Gilles Clement (France) took the opportunity to talk humorously of his lower interventionalist work in his own garden, including living with fallen trees and Heracleum mantegazzianum. He talked of the process as “gardening by subtraction” – namely waiting to see what happens and then whittling it down – rather than actively planting a garden with exact specifications. He advocated that this approach helps everyone as it allows the natural processes to continue, but also means less work in the garden.
Jacques Soignon (France) talked through the far-reaching project to create green corridors through the city of Nantes, where he directed the Parks and Gardens. The scale and creativity shown in relandscaping so much of the city was incredible. He commented that native plantings become irrelevant as the modern city environment is more akin to a canyon, a mineral environment where heat and wind persist, that is contrary to the environment needed for endemics in the region to thrive.
Overall, the conclusions from the symposium pointed towards mixed plantings of perennials which reflected compatible and varied root systems (over just varied flowers or foliage), and that woody plants should also form part of matrix plantings rather than solely herbaceous. This was not just from a structural and design perspective, but an ecological one. Using woody plants better reflects longevity of plants, ability to act as carbon stores both above and below ground, and gives wildlife and climate benefits by providing different plant structures.
The consensus also seemed to be that a planting mix would not necessarily focus on native plants, due to the changing climate and the artificial conditions created in city plantings. Therefore, we see the frequent occurrence of Mediterranean plants as part of mixed plantings in sustainable city contexts. The practice does not focus on creating plantings using a specific flora to showcase them from a scientific angle, but on finding the plants from a range of environments which will suit the conditions and interreact – often those of North American prairies, Central Asian steppe, alongside Mediterranean species.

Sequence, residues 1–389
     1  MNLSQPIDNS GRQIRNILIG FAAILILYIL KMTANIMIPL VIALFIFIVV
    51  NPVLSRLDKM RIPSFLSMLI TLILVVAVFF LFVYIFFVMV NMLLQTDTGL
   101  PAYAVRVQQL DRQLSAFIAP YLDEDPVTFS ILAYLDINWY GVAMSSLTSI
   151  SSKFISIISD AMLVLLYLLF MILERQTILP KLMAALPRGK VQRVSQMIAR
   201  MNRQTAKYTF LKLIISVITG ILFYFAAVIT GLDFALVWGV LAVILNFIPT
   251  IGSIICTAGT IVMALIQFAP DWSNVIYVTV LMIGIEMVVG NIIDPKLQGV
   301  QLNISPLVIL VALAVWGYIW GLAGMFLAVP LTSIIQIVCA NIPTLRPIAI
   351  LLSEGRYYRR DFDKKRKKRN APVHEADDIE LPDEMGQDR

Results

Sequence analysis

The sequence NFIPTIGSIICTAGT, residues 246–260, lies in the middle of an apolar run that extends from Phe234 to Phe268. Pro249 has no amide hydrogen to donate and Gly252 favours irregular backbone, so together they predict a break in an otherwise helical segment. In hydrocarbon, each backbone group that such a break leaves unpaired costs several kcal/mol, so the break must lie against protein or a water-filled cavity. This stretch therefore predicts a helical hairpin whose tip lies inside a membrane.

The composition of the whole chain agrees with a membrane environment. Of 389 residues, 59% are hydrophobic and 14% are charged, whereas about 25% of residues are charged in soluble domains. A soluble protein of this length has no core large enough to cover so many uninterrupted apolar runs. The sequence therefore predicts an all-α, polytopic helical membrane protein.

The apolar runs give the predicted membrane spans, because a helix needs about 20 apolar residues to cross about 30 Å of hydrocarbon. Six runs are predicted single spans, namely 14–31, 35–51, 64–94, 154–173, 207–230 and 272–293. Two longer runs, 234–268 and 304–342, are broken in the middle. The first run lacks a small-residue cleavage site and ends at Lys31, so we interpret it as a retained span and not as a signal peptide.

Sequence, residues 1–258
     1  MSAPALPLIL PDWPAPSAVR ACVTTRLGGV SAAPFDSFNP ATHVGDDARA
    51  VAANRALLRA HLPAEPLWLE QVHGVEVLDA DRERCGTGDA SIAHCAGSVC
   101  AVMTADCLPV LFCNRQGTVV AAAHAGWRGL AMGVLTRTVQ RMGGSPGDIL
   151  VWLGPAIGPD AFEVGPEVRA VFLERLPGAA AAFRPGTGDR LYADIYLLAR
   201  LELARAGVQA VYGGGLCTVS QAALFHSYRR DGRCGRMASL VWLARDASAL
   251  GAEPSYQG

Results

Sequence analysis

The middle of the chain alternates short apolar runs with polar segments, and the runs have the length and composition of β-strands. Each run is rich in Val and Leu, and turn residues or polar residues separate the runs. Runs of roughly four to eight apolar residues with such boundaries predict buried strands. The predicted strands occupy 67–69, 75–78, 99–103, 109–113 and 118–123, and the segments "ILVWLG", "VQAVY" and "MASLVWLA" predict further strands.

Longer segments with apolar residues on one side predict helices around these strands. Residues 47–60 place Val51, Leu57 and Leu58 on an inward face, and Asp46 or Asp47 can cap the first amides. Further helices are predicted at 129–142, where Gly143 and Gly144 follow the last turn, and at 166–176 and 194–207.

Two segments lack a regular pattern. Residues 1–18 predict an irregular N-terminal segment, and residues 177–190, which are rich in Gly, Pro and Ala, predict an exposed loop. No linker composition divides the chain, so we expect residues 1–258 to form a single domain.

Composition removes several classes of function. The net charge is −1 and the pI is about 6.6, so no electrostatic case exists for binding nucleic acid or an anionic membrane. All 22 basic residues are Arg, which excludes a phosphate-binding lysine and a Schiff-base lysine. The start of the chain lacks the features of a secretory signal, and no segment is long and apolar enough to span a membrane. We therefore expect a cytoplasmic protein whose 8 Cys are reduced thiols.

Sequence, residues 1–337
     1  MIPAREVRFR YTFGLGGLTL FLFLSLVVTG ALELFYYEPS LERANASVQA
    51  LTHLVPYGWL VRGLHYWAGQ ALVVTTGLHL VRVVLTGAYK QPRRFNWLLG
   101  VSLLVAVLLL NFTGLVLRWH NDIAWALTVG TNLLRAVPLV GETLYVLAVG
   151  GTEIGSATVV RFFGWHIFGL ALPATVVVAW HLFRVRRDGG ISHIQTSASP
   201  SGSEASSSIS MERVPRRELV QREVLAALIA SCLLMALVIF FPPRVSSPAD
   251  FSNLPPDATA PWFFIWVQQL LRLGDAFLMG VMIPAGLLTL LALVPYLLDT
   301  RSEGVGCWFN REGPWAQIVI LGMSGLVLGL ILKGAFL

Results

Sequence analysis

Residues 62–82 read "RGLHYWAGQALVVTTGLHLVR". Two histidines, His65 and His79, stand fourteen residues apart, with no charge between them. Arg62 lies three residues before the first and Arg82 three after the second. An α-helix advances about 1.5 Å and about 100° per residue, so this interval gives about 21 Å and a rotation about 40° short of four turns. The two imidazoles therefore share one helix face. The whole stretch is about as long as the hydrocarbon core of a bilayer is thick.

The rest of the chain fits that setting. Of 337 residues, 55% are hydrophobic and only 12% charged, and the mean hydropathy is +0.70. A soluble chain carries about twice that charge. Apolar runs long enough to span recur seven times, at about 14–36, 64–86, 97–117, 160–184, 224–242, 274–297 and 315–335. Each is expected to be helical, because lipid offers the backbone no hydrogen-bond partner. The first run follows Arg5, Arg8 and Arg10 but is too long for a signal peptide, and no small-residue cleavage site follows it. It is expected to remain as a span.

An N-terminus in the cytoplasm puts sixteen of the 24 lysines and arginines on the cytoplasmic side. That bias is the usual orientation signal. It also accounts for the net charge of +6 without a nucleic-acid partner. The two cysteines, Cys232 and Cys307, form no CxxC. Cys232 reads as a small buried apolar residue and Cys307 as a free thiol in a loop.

The skills of practitioners to design and maintain these plantings was at the heart of everyone’s discussions, with an acknowledgement that it does not simply take “maintenance” for plantings, but an understanding of the ecology, wildlife and wellbeing impact, and longevity of plantings. A lower intervention level boosts the natural balance in the plantings, but takes knowledge to create and for us to know how to oversee its establishment and subsequent development. This was the meaning implied by “Dynamic” gardening and vision, that we plant with the expectation of change and that the stewardship of the garden involves overseeing and curating that change.
Plantings around BUGA and Mannheim/Ludwigshafen
We viewed the plantings by Harald Sauer at the Luisenpark site of BUGA and those by Bettina Jaugstetter at the Spinelli Park – a reclaimed industrial site. I also visited the planting by Harald Sauer at Ludwigshafen’s Erbertpark.